Monday, June 22, 2020

Profile of Isaac Newton Teagarden

Anti-Slavery Image

          The oldest private to enlist into the 85th Pennsylvania in the fall of 1861 appears to have been Isaac Newton Teagarden of Greene County. Teagarden was 54 years old when he volunteered to join Captain John Morris' Company F. Teagarden served in the regiment for 18 months before receiving a medical discharge on April 4, 1863 at New Bern, North Carolina.  Prior to his discharge, he had been sent home to western Pennsylvania on a recruiting mission. He returned to his regiment in early 1863 in North Carolina; but at his age, the rigors of army life proved to be too onerous, and he was discharged three months later. 

        Why would someone well into his sixth decade volunteer fight in the Civil War? For Teagarden, unlike most of the younger men who enlisted to preserve the Union,  the reason seems to be the cause of abolition. Even though the freeing of the slaves was not a direct cause of the war, Teagarden surely saw the conflict as an opportunity to permanently end the "peculiar institution."
      Teargarden was a well-known citizen of Greene County in the decades prior to the war, although he was not necessarily a popular one. 

Practical Hand Book for Millwrights 1910
      Teagarden was born in 1807 on the family homestead along Wheeling Creek in Richhill Township. He had eleven brothers and sisters. A brief biographical entry noted that Teagarden, "was educated in the public schools, and passed his early life on the home farm. In 1828, having reached his majority, he began working at the millwright trade under the instruction of T. P. Pollock, with whom he continued several years, becoming an expert workman. After leaving the employ of his instructor he began taking contracts for the erection of mills and mill machinery, and became one of the most noted of the early millwrights…His services were constantly in demand and many of the mills of those early days in Greene and Washington counties were monuments to his skill as a builder. Several years prior to the civil war he abandoned his trade and contracting business, returning to his boyhood vocation, farming, carrying on extensive operations until 1872, when he removed to Waynesburg, which was his residence until death.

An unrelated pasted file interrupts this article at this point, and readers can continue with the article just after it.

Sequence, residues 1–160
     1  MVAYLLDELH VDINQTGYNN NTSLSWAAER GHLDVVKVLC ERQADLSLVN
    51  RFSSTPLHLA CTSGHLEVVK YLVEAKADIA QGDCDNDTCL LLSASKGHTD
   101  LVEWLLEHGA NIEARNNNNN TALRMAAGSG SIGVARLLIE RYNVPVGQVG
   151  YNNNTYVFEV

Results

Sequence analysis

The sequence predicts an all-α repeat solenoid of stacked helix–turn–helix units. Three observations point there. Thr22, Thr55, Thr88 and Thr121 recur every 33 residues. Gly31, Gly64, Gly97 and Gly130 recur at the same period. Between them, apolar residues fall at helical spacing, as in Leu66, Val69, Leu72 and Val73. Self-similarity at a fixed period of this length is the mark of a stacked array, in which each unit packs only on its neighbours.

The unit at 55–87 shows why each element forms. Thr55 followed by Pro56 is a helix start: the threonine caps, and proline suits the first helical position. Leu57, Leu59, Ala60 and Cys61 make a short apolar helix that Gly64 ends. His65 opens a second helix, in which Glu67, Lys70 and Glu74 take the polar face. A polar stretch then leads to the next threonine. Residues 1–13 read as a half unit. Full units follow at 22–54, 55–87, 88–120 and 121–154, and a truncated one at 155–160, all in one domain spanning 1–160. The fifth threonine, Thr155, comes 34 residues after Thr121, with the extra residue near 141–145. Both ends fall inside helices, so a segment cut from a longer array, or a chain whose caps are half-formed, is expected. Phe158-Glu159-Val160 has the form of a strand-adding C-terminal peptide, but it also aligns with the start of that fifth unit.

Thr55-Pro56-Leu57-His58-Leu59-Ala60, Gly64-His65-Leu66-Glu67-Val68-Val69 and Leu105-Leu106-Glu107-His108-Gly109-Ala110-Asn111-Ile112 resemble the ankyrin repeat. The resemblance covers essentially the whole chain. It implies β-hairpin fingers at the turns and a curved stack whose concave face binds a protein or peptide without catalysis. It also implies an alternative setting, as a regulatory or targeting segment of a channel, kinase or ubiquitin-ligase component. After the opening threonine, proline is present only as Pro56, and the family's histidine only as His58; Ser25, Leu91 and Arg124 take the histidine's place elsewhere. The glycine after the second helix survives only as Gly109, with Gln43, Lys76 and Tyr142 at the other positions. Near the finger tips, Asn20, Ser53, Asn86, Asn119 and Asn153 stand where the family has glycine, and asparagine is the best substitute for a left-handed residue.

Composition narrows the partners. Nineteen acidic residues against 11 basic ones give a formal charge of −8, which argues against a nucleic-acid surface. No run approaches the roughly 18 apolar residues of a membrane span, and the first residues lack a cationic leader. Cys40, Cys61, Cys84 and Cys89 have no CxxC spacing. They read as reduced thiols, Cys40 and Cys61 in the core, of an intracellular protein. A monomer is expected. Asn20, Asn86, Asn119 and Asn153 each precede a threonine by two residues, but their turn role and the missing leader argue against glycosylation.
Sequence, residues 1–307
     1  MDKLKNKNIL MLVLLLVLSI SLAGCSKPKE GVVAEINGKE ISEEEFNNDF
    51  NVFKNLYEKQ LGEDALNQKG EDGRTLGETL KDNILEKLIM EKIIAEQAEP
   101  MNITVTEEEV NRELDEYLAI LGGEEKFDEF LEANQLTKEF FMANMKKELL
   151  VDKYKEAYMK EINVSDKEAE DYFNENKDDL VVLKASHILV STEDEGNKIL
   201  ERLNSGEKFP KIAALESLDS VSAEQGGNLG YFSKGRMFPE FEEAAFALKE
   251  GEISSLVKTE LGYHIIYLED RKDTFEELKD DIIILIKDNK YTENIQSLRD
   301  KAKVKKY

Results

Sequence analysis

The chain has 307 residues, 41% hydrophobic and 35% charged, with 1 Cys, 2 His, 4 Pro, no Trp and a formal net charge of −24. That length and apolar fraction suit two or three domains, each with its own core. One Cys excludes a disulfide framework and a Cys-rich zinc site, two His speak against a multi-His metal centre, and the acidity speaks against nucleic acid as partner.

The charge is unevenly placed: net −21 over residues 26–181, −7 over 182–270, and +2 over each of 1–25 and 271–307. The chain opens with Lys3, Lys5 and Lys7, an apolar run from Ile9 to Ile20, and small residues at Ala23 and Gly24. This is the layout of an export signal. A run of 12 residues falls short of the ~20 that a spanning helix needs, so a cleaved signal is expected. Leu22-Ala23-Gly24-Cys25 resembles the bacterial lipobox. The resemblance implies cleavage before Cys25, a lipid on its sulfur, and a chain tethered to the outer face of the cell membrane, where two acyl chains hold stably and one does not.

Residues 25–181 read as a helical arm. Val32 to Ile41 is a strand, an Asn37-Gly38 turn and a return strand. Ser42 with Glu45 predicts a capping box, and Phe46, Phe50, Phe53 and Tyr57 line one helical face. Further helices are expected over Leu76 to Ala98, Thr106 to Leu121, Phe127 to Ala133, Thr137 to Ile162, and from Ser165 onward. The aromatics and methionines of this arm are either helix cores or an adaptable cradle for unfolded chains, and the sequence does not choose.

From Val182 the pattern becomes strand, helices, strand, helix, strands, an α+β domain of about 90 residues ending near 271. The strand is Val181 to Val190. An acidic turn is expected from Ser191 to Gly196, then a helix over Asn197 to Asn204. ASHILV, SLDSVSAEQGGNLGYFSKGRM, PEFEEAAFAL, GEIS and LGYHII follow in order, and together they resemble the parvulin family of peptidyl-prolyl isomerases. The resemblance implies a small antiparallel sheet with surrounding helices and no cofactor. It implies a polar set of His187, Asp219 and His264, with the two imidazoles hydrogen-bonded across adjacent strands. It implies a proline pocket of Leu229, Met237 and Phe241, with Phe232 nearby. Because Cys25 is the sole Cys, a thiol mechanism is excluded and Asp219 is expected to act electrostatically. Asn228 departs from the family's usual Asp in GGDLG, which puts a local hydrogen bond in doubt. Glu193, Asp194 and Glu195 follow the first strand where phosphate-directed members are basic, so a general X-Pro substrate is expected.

Teagarden was a member of the 46th Pennsylvania State Militia between 1837-1842. The men of this volunteer military unit hailed from Greene and Washington Counties. Teagarder was overwhelmingly elected  to serve as the unit's colonel for a period of time. Normally, someone with Teagarden's military background could have expected an offer to be an  officer on the level of lieutenant or even captain at the start of the Civil War. But due to Teagarden's political beliefs, he was probably shunned as an officer candidate and had to enter the service as a private. 
        In the 1840's, Teagarden helped found a local chapter of the Abolition Party. He must have realized that his views would be extremely suspect in his home county. With state borders to its south and west along the slave state of Virginia, there was fear than slave emancipation would cause an influx of cheap labor into Greene County that would have a negative impact on the white residents there. 
        But Teagarden was more than just an early spokesman for emancipation. His  home was
American Anti-Slavery Almanac 1838
reportedly a stopover for the Underground Railroad. He later joined the Republican Party in 1856; a main plank of the new party was opposition to the spread of slavery into western territories. The biographical entry stated that, "Prior to the formation of the Republican party, Colonel Teagarden was a Whig and strongly opposed to slavery, ranking among the then despised Abolitionists. He voted the Abolition ticket, when there were but three others in Greene county to do so. Newspapers and periodicals were then fewer in number and this deficiency was supplied by the local debating schools. In the schoolhouses and some of the churches in western Greene and southwestern Washington counties he met the champions of slavery, both preachers and laymen in debate, and while not eloquent, he was a most forceful convincing debater, and through these debates did much to create, build up and strengthen anti-slavery sentiment" 
      Following the war, with the Republican Party in ascendancy in Pennsylvania (if not Greene County, a Democrat Party stronghold), Teagarden was appointed Sealer of Weights and Measures and held this office from 1874-1883.

     Significantly, Teagarden was elected to be Jury Commissioner for Greene County in 1873; Teagarden saw to it that African-Americans in the county could serve on juries for the first time.
         "In all official positions, whether military or civil Colonel Teagarden was strict and fearless in the performance of duty, never swerving to gain the applause of men. The censure and odium he incurred when he placed the names of colored men in the jury wheel, but served to render him more zealous of their rights and privileges in the future. His comrades of John F. McCullough Post, Grand Army of the Republic, bore him to his last resting place, the military company, Waynesburg Blues, acting as escort.” 
            Teagarden and his wife, Sarah Ann Parker Teagarden, had three children: Phoebe Jane, Charity Louise, a teacher and John, a lawyer). Dr. Jane Teagarden was the first female doctor in Waynesburg, and for many years, the only female physician in Greene County. Captain John Parker Teagarden continued the family tradition of military service by serving in the 28th Pennsylvania Volunteers during the Spanish-American War.
       Isaac Newton Teagarden died on June 20, 1886 at the age of 79 and is buried in the Green Mount Cemetery in Waynesburg, Greene County. 

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